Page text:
The borrower can make a lump sum repayment or if both plan’s allow they can roll over their loan to an eligible retirement plan. If they are unable to do either and the loan is offset the participant may be eligible to rollover the loan amount.

How to correct issues with 401(k) loans

The allowable correction method will depend on the type of issue and what you as the plan sponsor allow. Per the IRS, “If participant loans under your plan do not meet the legal requirements, or if repayments have not been made according to the schedule set out in the loan document, you may be able to correct these problems using the Voluntary Correction Program. The program allows you to repay loans over the remaining loan period or report past-due loans as distributions in the year of the correction.” So luckily, there are remedies if issues happen with 401(k) loans your organization offers.

Why should I offer 401(k) loans?

Many plan sponsors offer 401(k) loans as a perk to their employees, be it to help drive plan participation or because they simply know employees may want to take advantage of them. Some employees may not want to enroll in a retirement plan and set aside money if they think they can’t easily access it in case of an emergency or life-changing event. By allowing loans, employees can have more peace of mind that they’ll be able to use the funds if they need to.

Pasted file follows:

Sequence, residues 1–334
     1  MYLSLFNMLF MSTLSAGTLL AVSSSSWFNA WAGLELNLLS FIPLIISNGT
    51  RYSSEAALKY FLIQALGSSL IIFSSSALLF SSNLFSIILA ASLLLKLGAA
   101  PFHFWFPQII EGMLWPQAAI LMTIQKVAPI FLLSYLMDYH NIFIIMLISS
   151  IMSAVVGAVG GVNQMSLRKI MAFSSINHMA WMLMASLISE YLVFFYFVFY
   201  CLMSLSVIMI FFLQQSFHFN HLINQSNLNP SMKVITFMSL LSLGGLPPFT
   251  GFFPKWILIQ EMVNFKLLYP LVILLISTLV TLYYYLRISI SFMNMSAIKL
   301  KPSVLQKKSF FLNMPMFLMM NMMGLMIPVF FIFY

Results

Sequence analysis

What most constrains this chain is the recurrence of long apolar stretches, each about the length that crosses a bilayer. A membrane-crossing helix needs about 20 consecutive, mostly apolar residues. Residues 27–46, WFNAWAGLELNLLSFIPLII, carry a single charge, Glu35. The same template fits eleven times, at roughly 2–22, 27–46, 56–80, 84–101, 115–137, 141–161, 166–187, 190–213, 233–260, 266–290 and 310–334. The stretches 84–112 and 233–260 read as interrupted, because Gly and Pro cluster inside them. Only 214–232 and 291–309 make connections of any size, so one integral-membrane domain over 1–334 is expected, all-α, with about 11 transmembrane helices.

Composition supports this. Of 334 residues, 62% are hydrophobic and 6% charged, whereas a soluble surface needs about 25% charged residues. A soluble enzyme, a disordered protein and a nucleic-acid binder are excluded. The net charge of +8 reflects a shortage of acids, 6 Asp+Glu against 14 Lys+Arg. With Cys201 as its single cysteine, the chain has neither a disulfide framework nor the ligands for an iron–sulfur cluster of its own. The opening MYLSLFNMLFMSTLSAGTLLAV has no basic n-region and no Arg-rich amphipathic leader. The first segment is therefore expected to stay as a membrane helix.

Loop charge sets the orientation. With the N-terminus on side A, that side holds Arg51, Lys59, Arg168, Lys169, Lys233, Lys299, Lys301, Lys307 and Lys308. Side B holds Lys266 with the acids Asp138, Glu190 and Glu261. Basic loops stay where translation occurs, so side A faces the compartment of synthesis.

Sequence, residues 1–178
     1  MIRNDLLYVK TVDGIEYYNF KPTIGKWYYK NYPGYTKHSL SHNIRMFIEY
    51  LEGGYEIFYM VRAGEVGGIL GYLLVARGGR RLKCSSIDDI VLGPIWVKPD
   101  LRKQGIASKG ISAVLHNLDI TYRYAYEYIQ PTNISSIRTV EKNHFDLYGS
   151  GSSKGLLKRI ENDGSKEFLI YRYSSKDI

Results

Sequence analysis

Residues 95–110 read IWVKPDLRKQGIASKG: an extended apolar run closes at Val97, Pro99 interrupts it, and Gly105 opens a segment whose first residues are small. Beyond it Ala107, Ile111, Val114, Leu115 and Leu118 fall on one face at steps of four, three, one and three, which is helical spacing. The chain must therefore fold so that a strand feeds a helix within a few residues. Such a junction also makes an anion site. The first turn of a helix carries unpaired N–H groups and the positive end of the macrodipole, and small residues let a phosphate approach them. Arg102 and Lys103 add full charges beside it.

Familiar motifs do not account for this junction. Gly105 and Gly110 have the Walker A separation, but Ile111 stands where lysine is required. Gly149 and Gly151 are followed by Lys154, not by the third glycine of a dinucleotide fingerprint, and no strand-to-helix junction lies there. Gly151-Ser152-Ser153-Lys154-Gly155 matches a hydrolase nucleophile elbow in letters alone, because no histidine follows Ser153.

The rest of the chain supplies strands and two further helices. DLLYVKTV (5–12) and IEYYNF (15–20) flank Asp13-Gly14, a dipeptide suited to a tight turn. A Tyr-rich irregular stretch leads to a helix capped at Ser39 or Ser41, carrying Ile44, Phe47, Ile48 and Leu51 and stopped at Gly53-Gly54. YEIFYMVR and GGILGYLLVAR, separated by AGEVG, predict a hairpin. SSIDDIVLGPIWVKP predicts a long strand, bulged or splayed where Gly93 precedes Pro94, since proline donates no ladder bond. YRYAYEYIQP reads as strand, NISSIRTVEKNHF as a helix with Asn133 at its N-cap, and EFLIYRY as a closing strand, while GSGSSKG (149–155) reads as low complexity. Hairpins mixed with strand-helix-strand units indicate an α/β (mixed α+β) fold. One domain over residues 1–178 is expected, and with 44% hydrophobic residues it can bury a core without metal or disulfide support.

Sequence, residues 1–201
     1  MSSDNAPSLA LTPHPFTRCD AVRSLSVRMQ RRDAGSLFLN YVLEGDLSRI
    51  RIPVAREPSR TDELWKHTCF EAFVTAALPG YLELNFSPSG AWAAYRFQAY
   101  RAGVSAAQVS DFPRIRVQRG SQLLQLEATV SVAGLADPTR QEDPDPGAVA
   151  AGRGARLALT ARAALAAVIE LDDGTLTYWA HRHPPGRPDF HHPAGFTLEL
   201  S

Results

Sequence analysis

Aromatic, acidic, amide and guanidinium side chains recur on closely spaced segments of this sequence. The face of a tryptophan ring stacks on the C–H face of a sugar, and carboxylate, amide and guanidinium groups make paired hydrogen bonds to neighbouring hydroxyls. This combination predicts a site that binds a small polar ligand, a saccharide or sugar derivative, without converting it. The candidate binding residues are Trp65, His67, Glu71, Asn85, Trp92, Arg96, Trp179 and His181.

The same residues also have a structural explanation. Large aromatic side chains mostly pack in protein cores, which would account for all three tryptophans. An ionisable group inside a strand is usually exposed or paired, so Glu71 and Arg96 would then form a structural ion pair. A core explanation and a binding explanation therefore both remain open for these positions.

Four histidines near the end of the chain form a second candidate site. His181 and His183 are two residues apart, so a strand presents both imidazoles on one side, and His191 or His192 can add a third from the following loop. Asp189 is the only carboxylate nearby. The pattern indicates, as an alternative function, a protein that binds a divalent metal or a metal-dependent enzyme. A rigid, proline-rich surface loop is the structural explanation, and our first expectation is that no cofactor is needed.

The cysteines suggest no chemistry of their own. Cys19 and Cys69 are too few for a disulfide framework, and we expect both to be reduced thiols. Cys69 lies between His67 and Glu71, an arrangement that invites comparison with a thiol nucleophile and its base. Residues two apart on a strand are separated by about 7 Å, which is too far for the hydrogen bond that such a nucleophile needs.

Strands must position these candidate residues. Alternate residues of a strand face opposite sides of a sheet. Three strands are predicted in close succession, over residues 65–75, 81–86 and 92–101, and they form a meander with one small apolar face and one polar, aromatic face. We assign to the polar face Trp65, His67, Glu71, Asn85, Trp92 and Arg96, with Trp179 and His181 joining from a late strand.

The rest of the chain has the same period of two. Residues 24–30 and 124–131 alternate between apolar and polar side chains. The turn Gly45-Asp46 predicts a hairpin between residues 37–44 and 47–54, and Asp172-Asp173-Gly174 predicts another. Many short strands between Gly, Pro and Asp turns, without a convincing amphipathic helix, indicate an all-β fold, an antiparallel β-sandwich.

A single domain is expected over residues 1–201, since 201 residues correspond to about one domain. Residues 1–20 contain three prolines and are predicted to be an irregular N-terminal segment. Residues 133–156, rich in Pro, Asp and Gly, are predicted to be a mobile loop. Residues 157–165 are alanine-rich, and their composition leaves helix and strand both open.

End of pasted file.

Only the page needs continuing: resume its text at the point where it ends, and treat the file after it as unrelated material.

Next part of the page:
If you choose to offer 401(k) loans, here are a few best practices to keep in mind:

  • Provide education on your plan offerings, including the ins and outs of 401(k) loans. Consider offering Q&A sessions for employees so they can get all of their questions answered.
  • You may not want to encourage employees to take loans. If they are looking to you for financial advice, connect them with a qualified retirement or financial advisor who can help them figure out the best course of action for them.
  • Make sure your plan offers easy ways to make payments, such as electronic payments via ACH.

Being a plan sponsor comes with a lot of responsibilities. But with the right education (and expert knowledge from your advisors!), you can create and offer a retirement plan that your employees love.

Affordable 401(k) plans


This is for informational purposes only. It should not be used as a substitute for specific tax, legal and/or financial advice.  You are advised to consult a qualified financial adviser or tax professional for further details and guidance.